By: F. Valencia
Thirty-one years after dictator Ferdinand Marcos was ousted, things are no better for the victims of his regime, while the dictator himself is buried at the Libingan ng mga Bayani.
In the ABS-CBN News article, “Time taking its toll on martial law victims,” Gerry Lirio writes, “To date, the total claims of the martial law victims on the Marcos estate, according to American human rights lawyer Robert Swift, have ballooned to $4.3 billion based on the two favorable orders Judge Manuel Real of Hawaii issued in January 1995 and January 2011 as a result of penalties and interests earned from $1.964 billion and $353.6 million, respectively. In the January 2011 ruling alone, the court pegged the penalty at $100,000 per month.”
The cost of reparation is staggering—but it is nothing compared to the slow torture that martial law victims and their families have continued to endure in their elusive quest for justice. After all, their reparation claims aren’t just for money’s sake. It serves as the acknowledgement of their suffering, something that Marcos apologists are doing their best to erase.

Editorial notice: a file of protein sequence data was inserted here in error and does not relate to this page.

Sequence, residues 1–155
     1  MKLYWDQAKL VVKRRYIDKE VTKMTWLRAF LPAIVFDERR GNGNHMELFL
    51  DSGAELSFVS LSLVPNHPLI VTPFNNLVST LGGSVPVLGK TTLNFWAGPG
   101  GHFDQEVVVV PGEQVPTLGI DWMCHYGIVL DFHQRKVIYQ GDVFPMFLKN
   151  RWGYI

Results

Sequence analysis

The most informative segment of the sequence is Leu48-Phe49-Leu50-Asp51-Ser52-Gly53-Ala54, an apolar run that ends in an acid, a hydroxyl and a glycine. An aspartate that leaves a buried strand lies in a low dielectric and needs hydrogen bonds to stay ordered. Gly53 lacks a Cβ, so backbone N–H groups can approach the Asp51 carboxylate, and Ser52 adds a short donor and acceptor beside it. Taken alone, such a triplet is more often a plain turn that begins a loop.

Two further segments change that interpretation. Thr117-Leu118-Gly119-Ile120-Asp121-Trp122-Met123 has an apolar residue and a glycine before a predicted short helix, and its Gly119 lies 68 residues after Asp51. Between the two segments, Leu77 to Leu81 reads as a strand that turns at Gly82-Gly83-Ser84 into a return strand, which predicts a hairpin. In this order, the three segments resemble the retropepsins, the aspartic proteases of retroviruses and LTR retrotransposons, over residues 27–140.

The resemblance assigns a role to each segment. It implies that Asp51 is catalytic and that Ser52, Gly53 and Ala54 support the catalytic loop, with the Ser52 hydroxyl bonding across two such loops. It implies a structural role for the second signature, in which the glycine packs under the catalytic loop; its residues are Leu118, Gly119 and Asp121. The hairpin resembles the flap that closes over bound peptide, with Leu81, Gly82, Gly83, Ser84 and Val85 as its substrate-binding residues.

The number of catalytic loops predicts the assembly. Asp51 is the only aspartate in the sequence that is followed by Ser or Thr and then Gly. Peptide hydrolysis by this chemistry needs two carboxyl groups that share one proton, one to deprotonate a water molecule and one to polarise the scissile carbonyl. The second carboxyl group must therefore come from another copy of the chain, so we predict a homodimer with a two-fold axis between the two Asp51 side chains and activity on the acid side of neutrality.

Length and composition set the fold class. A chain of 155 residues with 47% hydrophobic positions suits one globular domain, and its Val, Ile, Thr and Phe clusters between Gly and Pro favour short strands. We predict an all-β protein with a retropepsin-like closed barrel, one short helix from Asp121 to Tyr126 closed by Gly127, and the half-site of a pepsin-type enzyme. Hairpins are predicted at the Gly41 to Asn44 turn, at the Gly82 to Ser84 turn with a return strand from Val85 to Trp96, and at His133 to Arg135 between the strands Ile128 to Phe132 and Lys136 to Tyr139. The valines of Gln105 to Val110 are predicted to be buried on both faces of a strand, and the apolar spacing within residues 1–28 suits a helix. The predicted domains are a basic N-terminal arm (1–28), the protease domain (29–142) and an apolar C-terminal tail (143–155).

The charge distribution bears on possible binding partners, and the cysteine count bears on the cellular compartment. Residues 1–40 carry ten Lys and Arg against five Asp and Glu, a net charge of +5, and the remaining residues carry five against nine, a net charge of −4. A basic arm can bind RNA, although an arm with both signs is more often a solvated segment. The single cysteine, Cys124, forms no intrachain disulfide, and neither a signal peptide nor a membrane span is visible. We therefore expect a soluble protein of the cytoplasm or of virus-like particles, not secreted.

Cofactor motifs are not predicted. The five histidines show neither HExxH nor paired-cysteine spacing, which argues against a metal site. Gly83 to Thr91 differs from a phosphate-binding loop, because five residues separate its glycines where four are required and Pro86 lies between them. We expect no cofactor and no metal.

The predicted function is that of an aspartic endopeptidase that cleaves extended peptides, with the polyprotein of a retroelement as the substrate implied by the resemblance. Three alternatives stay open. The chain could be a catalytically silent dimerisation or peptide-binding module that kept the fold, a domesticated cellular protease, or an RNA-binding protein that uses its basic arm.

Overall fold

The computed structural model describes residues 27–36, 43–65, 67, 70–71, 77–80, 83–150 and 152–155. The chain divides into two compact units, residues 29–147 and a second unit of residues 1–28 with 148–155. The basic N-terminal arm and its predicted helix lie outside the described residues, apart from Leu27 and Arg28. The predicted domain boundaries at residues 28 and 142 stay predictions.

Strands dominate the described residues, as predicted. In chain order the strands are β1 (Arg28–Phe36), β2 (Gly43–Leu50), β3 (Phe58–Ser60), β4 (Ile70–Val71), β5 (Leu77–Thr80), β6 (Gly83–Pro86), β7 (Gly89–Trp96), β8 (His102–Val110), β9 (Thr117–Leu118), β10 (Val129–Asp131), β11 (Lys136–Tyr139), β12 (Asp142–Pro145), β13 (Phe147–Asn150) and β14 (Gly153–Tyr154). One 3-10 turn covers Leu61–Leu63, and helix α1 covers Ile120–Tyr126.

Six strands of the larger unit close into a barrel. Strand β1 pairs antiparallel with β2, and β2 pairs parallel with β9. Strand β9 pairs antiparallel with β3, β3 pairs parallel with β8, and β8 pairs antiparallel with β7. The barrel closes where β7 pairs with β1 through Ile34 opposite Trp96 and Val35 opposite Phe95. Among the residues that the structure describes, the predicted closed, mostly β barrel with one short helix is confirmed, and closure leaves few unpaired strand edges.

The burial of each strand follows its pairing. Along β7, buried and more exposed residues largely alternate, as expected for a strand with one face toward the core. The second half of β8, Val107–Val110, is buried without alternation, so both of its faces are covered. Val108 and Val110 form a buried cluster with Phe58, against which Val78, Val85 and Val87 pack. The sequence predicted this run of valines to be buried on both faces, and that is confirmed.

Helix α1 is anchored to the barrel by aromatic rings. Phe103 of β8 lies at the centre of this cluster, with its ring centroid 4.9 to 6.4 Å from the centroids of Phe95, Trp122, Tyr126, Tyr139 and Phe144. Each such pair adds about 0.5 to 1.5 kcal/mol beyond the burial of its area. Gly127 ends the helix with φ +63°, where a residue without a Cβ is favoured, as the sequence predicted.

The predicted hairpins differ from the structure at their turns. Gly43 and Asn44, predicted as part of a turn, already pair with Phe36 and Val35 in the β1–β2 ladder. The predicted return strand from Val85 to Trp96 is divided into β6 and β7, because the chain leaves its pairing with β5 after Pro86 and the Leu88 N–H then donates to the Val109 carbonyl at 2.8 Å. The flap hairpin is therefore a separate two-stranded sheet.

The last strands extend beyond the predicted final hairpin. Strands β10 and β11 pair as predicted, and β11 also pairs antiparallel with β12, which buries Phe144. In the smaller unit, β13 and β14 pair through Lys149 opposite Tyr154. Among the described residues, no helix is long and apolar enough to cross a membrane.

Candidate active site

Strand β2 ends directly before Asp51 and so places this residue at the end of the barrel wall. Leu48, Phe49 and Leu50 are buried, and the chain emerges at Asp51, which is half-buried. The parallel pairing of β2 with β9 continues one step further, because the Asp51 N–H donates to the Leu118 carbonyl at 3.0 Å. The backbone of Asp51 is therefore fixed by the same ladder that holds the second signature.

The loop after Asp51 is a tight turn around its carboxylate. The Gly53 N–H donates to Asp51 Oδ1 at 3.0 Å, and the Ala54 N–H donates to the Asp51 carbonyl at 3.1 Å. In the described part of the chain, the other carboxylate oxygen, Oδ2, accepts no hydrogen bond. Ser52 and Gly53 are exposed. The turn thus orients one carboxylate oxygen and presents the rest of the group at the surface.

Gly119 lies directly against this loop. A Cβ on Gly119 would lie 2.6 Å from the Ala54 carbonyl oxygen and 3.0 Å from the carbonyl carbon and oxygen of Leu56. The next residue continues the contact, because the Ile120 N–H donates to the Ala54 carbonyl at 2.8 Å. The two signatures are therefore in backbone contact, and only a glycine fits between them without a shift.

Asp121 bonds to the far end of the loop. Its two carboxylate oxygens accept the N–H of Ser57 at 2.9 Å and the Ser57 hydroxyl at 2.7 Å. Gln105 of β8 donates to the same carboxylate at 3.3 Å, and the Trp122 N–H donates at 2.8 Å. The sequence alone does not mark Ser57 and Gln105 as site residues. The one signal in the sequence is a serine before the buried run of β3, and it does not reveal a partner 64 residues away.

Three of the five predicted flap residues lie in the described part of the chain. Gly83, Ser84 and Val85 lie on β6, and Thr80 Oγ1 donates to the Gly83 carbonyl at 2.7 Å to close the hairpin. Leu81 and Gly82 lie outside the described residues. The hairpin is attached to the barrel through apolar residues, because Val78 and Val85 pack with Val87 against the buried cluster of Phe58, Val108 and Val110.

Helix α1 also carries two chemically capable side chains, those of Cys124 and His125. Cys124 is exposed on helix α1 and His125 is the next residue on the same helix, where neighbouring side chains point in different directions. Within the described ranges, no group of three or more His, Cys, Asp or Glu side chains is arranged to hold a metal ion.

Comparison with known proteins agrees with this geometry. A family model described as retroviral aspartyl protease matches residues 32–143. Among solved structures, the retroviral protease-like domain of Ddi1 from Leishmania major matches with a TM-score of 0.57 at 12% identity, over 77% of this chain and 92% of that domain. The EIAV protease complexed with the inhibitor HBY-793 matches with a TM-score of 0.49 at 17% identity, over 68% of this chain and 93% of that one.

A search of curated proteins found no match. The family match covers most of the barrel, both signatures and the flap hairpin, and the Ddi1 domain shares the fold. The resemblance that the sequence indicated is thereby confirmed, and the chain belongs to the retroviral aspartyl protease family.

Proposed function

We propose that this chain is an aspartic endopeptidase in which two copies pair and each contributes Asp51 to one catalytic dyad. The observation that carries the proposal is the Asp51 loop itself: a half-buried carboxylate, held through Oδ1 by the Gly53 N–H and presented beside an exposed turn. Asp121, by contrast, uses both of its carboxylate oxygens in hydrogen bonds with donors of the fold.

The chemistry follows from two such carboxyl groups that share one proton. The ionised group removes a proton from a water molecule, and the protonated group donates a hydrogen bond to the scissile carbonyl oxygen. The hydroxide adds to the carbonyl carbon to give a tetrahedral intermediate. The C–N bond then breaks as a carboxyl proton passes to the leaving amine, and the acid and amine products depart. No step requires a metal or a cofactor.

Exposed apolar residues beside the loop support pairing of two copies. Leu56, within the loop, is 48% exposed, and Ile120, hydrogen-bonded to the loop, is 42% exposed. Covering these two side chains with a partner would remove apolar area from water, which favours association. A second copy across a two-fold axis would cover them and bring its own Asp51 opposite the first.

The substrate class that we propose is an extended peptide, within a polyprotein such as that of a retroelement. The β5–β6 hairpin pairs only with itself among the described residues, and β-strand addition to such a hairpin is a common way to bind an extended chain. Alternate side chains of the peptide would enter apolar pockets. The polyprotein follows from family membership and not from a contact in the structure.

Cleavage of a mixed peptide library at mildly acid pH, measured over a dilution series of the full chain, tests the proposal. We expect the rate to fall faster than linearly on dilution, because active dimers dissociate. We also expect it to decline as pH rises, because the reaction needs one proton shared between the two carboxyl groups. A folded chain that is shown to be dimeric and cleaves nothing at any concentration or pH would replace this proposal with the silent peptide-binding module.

“The Human Rights Victims Reparation and Recognition Act of 2013 was set into motion on May 12, 2014 and it will expire on May 12, 2018,” notes Regine Cabato in her CNN Philippines report. Cabato also reveals: “There were 75,537 people who applied at the Human Rights Victims Claims Board (HRVCB), the quasi-judicial reparations body tasked with sifting through claims and granting compensations. About 40,000 of the cases have been processed, leaving over 35,000 cases left to review before its looming deadline.”
The HRVCB was formed out of Republic Act (RA) 10368, or the Human Rights Victims Reparation and Recognition Act of 2013. But, as Cabato points out, the law that enabled the HRVCB also restricted it.
For one, the HRVCB’s budget has a cap of P50 million per year. That budget is not nearly enough to sustain 155 employees. In fact, the Commission on Human Rights had to step in to help.
Apart from the budget, the HRVCB also faces the challenge of an impossible deadline. RA 10368 stipulates that the Board has to “complete its work within two (2) years from the effectivity of the [Implementing Rules and Regulations] promulgated by it.”
Already, the Board failed to meet their 2016 deadline. Congress extended it to 2018—but even that seems daunting. If the Board fails to meet next year’s deadline, then there’s a good change it will be considered “expired.”
If that happens, the martial law claimants will once again be thrown in limbo. Unfortunately, time is not on their side.
So, will Congress once again be kind enough to extend the deadline? It’s a confusing time in our country’s history and the answer isn’t really that clear. Maybe it never was.